For the week of May 19, 2003

From the 6th floor

If you haven't heard, Marquette County remains under a flood watch today, Monday, May 19. What a wild week beginning last Thursday. I am sure you don't want to see a boring old photo from outside my want to check out our flood photos! Keep reading.

Flood causes devastation; Governor declares state of emergency

It all started last Wednesday evening/Thursday morning when an earthen dike at the Silver Lake basin gave way sending a torrent of water cascading down the Dead River to Lake Superior.
In between, the flood destroyed bridges and roadways and drove nearly 2,000 people from their homes.
All residents on the north side of Wright Street were ordered evacuated. That included NMU's Jacobetti Center and Services Building. Water levels at the Hoist Dam had reached emergency levels and there was concern that the dam may not hold. Fortunately, the dam held up. There's no telling how catastrophic things might have been had the Hoist Dam gave way.
Water levels dropped and residents were permitted back in their homes Friday evening, but not before a whole lot of worry and damage.

Tourist Park hardest hit

The rampaging Dead River ripped through the Tourist Park and took just about everything with it. The cement wall, pipe and hydro house and part of the electrical generation system are still intact. The river basically found a new path around the dam carving out the road and soil. The rush of water has also eroded around the old County Road 550 bridge, which is just below the new 550 bridge. Believe it or not, the basin at the Tourist Park is virtually empty of water.

This is how things looked at the Tourist Park Saturday.

As you can see, the basin is almost dry. This family is standing on what used to be the beach. Behind them, you can see all the tree stumps sticking up out of the river bed.

Power company officials survey the damage. This photo is also taken on the beach, but facing northeast. You can see how the rushing water just wiped out the small dam that was here and carved out its own path.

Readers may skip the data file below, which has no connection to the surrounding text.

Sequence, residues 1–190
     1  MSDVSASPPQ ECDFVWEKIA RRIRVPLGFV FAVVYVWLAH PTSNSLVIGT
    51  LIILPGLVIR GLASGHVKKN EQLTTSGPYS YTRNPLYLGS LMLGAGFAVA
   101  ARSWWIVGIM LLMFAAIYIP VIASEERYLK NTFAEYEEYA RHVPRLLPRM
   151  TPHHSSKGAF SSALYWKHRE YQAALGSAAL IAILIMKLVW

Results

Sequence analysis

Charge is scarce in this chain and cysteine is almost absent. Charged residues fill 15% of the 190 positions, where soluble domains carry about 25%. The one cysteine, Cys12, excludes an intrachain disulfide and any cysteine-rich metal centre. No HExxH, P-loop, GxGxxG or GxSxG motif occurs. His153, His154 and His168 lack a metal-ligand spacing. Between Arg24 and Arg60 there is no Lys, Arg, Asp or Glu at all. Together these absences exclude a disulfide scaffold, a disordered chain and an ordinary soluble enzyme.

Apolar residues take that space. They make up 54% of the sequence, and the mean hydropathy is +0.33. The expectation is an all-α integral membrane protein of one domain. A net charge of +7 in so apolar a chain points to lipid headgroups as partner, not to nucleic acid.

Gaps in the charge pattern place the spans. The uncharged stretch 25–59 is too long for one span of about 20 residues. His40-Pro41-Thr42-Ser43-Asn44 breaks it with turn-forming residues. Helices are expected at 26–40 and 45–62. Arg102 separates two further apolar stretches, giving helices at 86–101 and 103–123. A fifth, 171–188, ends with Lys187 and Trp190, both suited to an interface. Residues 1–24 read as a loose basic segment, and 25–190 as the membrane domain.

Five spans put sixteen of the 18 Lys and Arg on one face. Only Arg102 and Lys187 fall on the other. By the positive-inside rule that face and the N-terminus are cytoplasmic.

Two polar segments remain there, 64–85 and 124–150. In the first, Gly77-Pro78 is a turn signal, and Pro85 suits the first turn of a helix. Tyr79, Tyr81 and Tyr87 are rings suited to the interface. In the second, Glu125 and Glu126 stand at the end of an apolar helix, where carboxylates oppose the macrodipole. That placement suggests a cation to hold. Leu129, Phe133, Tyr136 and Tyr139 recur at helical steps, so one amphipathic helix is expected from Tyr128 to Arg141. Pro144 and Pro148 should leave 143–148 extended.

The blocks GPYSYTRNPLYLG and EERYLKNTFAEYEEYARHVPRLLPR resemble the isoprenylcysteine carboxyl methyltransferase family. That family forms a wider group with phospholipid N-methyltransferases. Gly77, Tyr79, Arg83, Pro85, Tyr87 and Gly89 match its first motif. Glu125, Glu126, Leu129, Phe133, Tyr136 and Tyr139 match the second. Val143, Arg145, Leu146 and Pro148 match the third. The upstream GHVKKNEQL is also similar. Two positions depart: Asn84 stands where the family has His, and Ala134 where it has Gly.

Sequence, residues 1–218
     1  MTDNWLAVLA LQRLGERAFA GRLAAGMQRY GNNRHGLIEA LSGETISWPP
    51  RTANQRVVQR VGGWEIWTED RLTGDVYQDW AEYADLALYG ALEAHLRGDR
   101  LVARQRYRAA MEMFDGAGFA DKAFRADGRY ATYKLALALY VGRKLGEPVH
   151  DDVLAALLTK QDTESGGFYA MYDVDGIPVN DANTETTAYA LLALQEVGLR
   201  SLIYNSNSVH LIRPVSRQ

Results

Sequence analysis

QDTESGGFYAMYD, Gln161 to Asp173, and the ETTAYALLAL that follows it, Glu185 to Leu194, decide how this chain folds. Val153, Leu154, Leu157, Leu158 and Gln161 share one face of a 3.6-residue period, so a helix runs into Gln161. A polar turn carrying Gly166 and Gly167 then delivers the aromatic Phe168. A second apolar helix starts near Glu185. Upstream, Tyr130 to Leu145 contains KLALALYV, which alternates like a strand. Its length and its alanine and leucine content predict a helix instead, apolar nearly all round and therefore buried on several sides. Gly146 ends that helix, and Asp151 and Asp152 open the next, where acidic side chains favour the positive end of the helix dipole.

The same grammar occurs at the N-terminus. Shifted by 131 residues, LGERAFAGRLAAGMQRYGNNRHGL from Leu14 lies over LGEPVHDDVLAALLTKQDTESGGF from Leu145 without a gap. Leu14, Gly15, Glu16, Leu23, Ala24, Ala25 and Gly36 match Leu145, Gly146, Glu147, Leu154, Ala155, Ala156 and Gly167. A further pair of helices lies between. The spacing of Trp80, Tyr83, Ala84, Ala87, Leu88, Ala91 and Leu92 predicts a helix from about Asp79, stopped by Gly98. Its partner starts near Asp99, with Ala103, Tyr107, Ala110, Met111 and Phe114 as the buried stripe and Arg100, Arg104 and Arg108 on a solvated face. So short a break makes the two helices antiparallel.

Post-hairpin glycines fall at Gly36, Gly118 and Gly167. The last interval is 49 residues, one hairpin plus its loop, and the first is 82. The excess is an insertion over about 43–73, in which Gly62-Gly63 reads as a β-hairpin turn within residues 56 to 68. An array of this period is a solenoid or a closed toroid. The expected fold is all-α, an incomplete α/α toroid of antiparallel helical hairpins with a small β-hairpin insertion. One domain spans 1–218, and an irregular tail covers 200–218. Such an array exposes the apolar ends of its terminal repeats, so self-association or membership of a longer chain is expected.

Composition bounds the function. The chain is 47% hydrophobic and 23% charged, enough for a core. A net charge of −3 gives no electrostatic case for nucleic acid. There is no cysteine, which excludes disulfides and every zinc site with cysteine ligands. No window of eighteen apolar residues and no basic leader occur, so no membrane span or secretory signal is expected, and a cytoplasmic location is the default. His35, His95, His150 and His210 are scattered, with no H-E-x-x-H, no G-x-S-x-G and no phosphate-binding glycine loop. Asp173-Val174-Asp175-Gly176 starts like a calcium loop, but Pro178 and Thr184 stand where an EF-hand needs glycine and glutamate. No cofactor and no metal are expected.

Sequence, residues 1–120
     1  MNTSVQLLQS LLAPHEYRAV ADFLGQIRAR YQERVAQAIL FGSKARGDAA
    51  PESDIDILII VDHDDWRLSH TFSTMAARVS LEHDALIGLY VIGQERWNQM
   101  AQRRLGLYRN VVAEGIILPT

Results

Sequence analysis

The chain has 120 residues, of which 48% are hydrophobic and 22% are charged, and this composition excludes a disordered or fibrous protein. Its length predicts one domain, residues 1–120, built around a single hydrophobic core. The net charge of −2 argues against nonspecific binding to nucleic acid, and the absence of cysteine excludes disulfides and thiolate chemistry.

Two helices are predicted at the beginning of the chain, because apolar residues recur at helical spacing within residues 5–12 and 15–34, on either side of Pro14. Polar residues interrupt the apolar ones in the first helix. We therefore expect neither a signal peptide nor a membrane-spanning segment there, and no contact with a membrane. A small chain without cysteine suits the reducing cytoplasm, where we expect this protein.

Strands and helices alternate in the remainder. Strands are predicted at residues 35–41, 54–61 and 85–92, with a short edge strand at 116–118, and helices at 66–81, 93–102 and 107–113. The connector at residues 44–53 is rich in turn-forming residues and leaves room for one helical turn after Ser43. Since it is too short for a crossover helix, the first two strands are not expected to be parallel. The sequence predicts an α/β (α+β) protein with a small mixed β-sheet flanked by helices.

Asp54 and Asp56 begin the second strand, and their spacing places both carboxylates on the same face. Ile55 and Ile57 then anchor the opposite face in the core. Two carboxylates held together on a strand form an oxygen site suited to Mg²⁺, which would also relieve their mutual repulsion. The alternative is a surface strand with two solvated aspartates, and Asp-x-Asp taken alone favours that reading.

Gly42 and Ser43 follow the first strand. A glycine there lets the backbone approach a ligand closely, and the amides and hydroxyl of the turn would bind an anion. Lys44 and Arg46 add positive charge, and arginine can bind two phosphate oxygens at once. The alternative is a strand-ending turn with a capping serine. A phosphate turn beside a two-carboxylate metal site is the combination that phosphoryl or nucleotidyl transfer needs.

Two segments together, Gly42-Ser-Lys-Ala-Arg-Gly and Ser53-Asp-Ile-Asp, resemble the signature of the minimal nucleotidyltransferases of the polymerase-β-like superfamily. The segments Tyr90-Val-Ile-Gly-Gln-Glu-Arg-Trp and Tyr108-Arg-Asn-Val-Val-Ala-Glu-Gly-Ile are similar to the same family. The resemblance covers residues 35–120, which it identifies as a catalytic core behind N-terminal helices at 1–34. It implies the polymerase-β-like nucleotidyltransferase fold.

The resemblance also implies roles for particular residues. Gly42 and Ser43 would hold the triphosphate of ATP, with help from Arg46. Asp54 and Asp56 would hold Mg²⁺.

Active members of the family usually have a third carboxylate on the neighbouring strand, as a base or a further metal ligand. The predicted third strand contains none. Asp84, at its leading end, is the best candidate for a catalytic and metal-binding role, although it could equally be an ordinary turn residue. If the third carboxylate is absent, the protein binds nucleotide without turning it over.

Presque Isle Power Plant shuts down causing mines to close

All Board of Light and Power customers, including Northern, have been asked to remain in a power reduction mode for an indefinite period. Today will have the most critical need for conservation as the Board of Light and Power works to bring a secondary power plant back on line.

At the Presque Isle Power Plant, flood waters swamped the first floor of the power plant, damaging high-tech electrical equipment. UPPCO officials are now saying it could take as long as a month before the first two generating plants can be brought back on line.

The news, released Saturday by officials with plant owner WE Energies of Milwaukee, Wis., was troubling for Cleveland-Cliffs Inc.
CCI, which relies on power generated at the plant to operate, has idled off most of its Marquette Iron Range workforce. The UPPCO plant provides the power for the Empire and Tilden mines and without power, the mines cannot operate. Both facilities have been shut down since last Friday, laying off some
The Presque Isle power plant has a 625 megawatt capacity; 300 megawatts for the mines while the balance, about 325 megawatts, powers tens of thousands of Upper Peninsula homes and businesses, mostly in the Iron Mountain area.
Meanwhile, all Board of Light and Power customers in the city of Marquette, including Northern, have been asked to remain in a power reduction mode for an indefinite period.

Lake Superior shoreline a mess

This photo shows water rushing from the Dead River into Lake Superior Thursday.

The surge of water left behind quite a mess. As the water rushed along the Dead, it took trees, bushes, power poles and railroad tracks with it. Much of that debris can be seen along the shore.

A look at some of the debris along the shoreline.

Click here for additional flood photos.

In other news....Hedgcock renovations under way

Renovations that will turn the former Hedcock Fieldhouse into a student services center have begun. The $15 million project is slated to be complete next year.


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